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Saint of the Day—available on the iPhone!

Saint of the Day
Catholic saints are holy people and human people who lived extraordinary lives. Each saint the Church honors responded to God's invitation to use his or her unique gifts. God calls each one of us to be a saint. Click here to receive Saint of the Day in your email.

September 24
St. Pacifico of San Severino
(1653-1721)


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Pacifico was born into a distinguished family in San Severino in the Marche of Ancona in central Italy. After joining the Friars Minor, he was ordained. He taught philosophy for two years and then began a successful preaching career.

Pacifico was an ascetic man. He fasted perpetually, eating no more than bread, soup or water. His "hair shirt" was made of iron. Poverty and obedience were two virtues for which his confreres especially remembered him.

At the age of 35, Pacifico contracted an illness that eventually left him deaf, blind and crippled. He offered his sufferings for the conversion of sinners, and he cured many of the sick who came to him. Pacifico also served as the superior of the friary in San Severino. He was canonized in 1839.



Comment:

Pacifico lived out the words of St. Francis cited below. His preaching and ministry were linked to his life of penance.

Francis urged his brothers to proclaim the Word of God without fanfare or self-interest. In that way, their words were truly God’s and directed toward the welfare of their listeners. The way Pacifico lived made his preaching all the more effective, for his listeners knew the power present in his words.



Quote:

"Moreover, I advise and admonish the friars that in their preaching, their words should be examined and chaste. They should aim only at the advantage and spiritual good of their listeners, telling them briefly about vice and virtue, punishment and glory, because our Lord himself kept his words short on earth" (St. Francis, Rule of 1223, Ch. 9).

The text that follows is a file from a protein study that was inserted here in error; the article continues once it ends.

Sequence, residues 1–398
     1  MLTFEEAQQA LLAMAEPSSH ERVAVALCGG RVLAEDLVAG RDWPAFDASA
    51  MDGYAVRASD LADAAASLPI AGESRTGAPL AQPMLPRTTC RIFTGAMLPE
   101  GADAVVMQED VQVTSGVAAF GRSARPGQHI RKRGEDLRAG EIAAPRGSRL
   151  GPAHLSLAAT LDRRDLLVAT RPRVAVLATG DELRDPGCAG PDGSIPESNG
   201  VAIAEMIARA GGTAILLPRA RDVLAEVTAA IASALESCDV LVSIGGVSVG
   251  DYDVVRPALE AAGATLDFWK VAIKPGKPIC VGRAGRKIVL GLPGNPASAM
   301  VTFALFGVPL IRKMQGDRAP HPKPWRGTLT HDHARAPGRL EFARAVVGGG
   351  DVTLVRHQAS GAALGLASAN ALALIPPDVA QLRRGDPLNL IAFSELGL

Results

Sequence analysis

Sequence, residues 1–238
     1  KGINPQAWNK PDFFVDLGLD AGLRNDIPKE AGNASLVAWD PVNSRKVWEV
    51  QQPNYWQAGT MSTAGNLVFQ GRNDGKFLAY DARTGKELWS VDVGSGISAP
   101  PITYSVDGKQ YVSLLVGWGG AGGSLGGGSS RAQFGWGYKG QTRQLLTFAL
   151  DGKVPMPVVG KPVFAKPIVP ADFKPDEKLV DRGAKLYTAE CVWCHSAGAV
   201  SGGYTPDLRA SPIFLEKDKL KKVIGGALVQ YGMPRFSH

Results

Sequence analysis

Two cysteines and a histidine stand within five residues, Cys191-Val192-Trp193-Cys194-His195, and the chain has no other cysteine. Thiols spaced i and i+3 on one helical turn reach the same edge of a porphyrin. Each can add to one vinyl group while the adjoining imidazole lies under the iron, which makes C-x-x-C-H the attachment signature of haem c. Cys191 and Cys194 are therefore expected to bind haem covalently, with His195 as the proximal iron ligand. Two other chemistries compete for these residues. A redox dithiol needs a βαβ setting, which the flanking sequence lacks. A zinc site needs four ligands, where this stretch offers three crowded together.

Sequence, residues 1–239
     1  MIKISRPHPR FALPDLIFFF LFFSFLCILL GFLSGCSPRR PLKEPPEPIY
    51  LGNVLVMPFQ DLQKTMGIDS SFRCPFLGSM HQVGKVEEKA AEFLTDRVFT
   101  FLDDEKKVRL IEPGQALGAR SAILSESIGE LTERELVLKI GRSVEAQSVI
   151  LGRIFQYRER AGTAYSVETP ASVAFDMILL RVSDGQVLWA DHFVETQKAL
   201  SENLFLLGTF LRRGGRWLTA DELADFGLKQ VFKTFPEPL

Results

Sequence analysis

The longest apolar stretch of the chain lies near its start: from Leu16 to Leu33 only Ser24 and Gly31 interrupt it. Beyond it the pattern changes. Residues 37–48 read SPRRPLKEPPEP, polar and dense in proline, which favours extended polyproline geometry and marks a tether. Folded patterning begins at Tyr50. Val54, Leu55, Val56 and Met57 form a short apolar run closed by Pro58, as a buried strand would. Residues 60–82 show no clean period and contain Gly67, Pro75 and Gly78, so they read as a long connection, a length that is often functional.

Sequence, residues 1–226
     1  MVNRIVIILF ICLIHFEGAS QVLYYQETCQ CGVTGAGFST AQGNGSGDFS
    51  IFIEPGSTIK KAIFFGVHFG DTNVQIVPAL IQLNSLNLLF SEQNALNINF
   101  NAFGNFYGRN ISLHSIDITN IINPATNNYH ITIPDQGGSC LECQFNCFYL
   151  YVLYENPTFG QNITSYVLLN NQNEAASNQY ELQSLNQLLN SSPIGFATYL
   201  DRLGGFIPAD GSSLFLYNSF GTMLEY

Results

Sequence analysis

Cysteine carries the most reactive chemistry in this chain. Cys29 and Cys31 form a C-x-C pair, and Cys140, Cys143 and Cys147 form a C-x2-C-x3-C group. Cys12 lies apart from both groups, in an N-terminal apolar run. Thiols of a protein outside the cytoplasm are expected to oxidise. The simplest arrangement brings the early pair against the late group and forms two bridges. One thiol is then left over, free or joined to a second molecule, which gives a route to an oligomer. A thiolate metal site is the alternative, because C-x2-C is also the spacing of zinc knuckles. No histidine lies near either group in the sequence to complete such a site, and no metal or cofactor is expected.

Wednesday, September 24, 2014
Saint of the Day for 9/23/2014 Saint of the Day for 9/25/2014

Saint of the Day
Lives, Lessons and Feast
By Leonard Foley, O.F.M.; revised by Pat McCloskey, O.F.M.



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Mary Magdalene: Except for the mother of Jesus, few women are more honored in the Bible than Mary Magdalene. Yet she could well be the patron of the slandered, since there has been a persistent legend in the Church that she is the unnamed sinful woman who anointed the feet of Jesus in Luke 7:36-50. 
<p>Most Scripture scholars today point out that there is no scriptural basis for confusing the two women. Mary Magdalene, that is, “of Magdala,” was the one from whom Christ cast out “seven demons” (Luke 8:2)—an indication, at the worst, of extreme demonic possession or, possibly, severe illness. </p><p>Father Wilfrid J. Harrington, O.P., writing in the <i>New Catholic Commentary</i>, says that “seven demons” “does not mean that Mary had lived an immoral life—a conclusion reached only by means of a mistaken identification with the anonymous woman of Luke 7:36.” Father Edward Mally, S.J., writing in the <i>Jerome Biblical Commentary,</i> agrees that she “is not...the same as the sinner of Luke 7:37, despite the later Western romantic tradition about her.” </p><p>Mary Magdalene was one of the many “who were assisting them [Jesus and the Twelve] out of their means.” She was one of those who stood by the cross of Jesus with his mother. And, of all the “official” witnesses that might have been chosen for the first awareness of the Resurrection, she was the one to whom that privilege was given. She is known as the "Apostle to the Apostles."</p> American Catholic Blog Jesus does not save us as individuals, but as members of His Body. We are not just people—unconnected and isolated arms and legs. We are a people—in fact, the People of God.

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